You got it! BE agile is the key. It's the mindset, not the action, that drives the change.

Junilu Lacar wrote:There's a spectrum that Ahmed Sidky shows in one of his presentations where you have a few principles on one end and a bunch of practices on the other end. I definitely tend to start on the principle side of that spectrum. For me there's longevity and depth of understanding when you start with principles move towards adopting various practices even though it takes longer to see tangible benefits from them. When you start with the practices, there might be some short term tangible results but without deeper understanding of principles, the practices become cargo cultish and are not sustainable or very effective in the long term.

One last thing, my former manager, current manager, and I were relatively successful in promoting a healthy agile mindset on our teams. One of the things we used was Christopher Avery's Responsibility Framework. We thought that the idea of ownership and responsibility over accountability aligned well with our own personal values and working relationships and that's what we tried to instill in the rest of our team members.


Yes, both are good. Starting with the practices without knowing why is always cause for failure down the road.

I'd love to see you at Agile2016! I hope you get accepted!

Mitch

Hi German,

Like Junilu said, with people come politics. What I find is that with any transition, people get scared. After all, think of the poor project manager. Their job, on paper, is going away. There is no PM job in Scrum or any of the agile practices. This is a scary thing! As long as you go into this with that understanding, you'll find life to be a lot easier. Help guide people, share knowledge and understanding, heck even create a book club! The bonding that happens as people learn together lasts forever.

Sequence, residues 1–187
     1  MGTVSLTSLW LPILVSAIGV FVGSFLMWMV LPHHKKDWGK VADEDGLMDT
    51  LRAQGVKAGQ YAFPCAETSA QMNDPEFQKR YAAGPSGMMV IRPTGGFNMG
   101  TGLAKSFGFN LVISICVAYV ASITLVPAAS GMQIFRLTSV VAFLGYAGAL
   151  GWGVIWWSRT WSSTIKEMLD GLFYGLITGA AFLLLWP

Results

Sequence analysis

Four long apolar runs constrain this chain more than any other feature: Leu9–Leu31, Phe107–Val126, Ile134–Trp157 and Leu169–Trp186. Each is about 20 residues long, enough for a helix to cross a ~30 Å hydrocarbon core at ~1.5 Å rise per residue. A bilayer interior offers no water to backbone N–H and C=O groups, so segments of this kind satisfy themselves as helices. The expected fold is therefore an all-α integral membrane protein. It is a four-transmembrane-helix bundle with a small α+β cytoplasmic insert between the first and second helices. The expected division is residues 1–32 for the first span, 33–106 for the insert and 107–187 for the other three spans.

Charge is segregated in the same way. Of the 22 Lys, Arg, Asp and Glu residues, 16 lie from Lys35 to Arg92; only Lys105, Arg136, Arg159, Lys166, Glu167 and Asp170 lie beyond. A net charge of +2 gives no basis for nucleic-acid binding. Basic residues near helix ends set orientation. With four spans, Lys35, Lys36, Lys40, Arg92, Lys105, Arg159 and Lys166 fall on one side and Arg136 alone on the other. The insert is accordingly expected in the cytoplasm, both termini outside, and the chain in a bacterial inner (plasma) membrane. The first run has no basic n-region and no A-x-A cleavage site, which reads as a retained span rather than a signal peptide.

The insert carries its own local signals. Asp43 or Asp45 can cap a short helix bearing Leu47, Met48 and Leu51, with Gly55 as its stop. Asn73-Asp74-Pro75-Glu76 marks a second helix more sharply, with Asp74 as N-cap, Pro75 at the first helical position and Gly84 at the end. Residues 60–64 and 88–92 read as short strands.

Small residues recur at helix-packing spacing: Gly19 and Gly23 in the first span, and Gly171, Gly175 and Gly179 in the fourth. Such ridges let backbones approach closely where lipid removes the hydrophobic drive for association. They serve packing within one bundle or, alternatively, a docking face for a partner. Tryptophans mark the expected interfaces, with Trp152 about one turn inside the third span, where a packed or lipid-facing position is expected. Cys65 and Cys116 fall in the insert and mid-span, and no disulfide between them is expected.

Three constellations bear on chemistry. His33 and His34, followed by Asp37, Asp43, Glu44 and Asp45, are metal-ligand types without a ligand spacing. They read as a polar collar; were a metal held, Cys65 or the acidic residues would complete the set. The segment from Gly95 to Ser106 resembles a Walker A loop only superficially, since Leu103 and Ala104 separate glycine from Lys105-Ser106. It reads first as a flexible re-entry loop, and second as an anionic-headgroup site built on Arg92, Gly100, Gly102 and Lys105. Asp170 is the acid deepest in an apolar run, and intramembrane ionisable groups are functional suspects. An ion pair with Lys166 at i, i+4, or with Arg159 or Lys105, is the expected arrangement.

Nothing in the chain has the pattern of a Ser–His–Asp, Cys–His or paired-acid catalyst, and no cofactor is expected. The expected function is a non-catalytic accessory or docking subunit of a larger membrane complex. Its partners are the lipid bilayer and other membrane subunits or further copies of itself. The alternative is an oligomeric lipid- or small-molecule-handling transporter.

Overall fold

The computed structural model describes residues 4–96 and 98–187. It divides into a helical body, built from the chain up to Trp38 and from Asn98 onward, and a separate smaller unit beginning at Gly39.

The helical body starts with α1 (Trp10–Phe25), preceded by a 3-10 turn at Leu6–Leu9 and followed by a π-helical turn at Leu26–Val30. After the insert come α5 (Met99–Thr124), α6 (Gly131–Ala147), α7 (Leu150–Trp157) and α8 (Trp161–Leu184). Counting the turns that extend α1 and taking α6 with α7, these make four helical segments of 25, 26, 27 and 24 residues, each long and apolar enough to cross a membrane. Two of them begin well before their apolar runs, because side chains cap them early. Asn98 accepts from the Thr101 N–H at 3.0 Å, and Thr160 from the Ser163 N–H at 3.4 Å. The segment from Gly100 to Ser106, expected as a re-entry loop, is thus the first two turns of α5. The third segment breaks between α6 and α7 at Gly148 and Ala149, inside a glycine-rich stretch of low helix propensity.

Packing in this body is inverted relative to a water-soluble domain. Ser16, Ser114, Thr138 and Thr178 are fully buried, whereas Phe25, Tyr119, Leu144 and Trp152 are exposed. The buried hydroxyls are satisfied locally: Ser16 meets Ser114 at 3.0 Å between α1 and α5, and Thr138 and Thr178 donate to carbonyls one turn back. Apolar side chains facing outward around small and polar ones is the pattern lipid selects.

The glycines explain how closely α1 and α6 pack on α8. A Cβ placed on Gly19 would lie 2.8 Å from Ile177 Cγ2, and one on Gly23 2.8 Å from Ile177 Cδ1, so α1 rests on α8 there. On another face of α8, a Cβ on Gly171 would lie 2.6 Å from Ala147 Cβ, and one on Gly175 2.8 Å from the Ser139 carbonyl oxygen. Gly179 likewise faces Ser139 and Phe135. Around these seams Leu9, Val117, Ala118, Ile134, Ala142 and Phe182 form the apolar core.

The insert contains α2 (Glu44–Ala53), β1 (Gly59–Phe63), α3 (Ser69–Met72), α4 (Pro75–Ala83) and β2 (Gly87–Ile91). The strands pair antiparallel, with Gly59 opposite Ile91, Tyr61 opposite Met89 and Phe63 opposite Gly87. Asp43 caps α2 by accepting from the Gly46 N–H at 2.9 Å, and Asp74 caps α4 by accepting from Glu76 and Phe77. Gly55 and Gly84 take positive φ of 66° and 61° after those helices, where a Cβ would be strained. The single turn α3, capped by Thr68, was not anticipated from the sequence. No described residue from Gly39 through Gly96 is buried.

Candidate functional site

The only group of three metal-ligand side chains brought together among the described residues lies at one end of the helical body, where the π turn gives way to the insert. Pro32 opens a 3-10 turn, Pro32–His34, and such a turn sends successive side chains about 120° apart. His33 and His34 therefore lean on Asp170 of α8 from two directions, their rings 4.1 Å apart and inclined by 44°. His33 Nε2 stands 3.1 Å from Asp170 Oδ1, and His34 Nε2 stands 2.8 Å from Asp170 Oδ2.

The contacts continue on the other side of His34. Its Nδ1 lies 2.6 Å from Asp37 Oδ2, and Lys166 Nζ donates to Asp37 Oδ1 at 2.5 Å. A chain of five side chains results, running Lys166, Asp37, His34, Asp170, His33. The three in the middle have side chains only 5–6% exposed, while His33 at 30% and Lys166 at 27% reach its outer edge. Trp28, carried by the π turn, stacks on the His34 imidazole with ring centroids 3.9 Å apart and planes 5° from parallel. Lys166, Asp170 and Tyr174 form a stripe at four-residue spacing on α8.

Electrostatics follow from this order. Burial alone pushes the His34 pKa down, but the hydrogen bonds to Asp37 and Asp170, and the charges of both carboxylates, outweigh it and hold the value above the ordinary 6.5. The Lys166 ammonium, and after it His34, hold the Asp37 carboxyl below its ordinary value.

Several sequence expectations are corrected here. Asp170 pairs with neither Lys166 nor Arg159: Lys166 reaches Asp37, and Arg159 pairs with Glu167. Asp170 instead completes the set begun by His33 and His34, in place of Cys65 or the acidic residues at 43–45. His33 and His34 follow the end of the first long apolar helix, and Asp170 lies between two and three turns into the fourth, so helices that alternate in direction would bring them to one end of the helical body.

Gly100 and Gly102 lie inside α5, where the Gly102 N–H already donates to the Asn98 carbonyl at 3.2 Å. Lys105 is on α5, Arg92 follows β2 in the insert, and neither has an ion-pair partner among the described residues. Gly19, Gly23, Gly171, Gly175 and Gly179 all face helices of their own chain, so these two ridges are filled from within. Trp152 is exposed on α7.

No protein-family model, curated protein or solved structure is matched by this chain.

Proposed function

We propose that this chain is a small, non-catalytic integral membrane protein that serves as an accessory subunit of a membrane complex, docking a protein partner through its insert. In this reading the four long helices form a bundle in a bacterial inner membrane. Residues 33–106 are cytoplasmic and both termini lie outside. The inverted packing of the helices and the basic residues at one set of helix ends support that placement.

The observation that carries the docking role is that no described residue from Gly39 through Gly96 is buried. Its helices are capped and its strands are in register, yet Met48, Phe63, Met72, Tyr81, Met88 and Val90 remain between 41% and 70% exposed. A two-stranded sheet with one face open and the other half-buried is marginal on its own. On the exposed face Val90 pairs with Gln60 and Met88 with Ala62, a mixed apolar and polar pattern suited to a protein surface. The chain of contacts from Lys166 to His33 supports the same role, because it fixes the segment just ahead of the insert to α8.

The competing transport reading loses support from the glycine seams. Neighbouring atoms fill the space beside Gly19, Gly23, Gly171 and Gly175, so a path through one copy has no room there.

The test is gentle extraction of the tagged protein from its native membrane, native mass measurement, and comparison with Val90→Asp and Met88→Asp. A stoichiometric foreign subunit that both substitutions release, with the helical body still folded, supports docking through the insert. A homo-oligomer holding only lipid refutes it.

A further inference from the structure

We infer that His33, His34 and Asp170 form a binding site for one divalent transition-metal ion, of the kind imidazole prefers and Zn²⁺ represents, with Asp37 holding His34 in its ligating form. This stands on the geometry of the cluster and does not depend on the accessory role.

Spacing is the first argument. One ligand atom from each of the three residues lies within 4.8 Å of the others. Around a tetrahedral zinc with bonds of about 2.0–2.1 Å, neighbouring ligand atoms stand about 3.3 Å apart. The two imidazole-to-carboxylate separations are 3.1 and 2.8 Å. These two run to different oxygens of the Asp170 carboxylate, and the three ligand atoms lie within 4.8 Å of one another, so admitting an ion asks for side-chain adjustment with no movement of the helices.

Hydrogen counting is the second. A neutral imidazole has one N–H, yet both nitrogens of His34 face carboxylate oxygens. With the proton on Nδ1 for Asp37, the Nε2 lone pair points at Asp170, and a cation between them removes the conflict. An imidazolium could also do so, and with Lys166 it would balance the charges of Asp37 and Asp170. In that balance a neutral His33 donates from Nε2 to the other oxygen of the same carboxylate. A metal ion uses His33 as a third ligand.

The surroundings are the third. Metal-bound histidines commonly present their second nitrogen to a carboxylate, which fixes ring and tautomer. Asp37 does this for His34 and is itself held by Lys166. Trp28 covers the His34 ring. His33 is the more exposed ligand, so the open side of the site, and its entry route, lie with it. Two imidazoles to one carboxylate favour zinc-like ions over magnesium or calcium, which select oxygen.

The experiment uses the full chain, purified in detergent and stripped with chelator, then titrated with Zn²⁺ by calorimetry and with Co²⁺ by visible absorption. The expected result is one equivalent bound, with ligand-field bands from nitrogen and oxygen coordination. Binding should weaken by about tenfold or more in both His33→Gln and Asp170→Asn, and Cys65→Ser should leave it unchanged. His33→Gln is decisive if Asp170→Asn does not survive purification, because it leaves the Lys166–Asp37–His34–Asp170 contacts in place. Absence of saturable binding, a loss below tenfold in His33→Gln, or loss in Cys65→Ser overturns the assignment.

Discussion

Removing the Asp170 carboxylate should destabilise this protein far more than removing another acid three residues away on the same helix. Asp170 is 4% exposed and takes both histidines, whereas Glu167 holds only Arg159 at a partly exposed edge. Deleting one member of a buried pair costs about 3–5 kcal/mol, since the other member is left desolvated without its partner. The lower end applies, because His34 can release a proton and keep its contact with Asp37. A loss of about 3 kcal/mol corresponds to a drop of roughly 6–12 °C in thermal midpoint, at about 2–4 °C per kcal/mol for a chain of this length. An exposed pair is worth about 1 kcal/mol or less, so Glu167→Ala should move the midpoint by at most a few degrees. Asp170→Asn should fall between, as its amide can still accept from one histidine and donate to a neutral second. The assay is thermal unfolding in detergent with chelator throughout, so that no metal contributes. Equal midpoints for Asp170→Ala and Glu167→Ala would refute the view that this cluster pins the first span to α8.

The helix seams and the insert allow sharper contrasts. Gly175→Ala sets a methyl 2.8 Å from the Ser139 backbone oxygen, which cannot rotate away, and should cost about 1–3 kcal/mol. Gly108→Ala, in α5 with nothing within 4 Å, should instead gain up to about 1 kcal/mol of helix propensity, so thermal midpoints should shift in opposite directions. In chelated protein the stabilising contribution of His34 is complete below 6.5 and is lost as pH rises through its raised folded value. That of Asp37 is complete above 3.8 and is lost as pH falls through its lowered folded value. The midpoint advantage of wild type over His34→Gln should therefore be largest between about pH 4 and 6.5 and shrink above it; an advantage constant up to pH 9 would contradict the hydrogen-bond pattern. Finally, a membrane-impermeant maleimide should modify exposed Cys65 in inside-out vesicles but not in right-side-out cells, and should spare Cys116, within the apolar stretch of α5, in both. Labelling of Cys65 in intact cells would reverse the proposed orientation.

meenakshi sundar wrote:
What if I mix and match some best aspects of other Agile process tools like XP and Kanban and still can i run my project in Scrum majorly? Or would that completely become a Hybrid model?
Would you recommend that scenario?



Hi Meenakshi,

At the end of the day, you can do whatever you like. Just understand every decision you make will have a positive (your goal) and negative (your unintended result) action. For example, lets say that we condense the daily Scrum to a weekly meeting. We save 15 minutes, so now we have "fewer, shorter meetings" (your goal). The negative pattern you introduced, however, is that the team now has one opportunity per week to sync up and identify impediments, issues, challenges, etc, that would have otherwise surfaced in a daily meeting.

Another example that I have to deal with every day of my life. Our family / my bloodline has diabetes. I have high cholesterol (250+) and very high blood sugar (110+) and as a result, I've been told that I can either 1) watch my diet and exercise, or 2) take drugs. I'm not a big drug fan so I elect to fight this through option one. This means that if I have some chocolate today at lunch, or something sweet, I can't have anything this evening - not even a beer or a glass of wine because that will create an imbalance in my system and that if I want to live long and prosper, I better watch it. Now, I don't have to watch it. I could choose to skip both option one and two and eat however I want, whenever I want -- after all, I'm an adult! But I have to understand the impact of my decisions. Sure, I won't see a problem today but over time, I'll see a change, and it won't be something I like.

Here's my take. Do Scrum, or Kanban, or XP, or anything - by the book. Learn it, practice it, and most importantly, understand why these agile practices work the way they do. Only then can you step back and say "OK, I get this, lets run a small test and tweak X or Y for two weeks and see what happens" - but you can't do that until you have a solid baseline and a good working knowledge of why things work the way they do. But if you mix things up, don't call it what it's not. I only speak the English language, and I don't run around speaking English and calling it Mandarin or Japanese or German, because that'd just be silly.
Hello Junilu

Thank you for the well written and thoughtful post.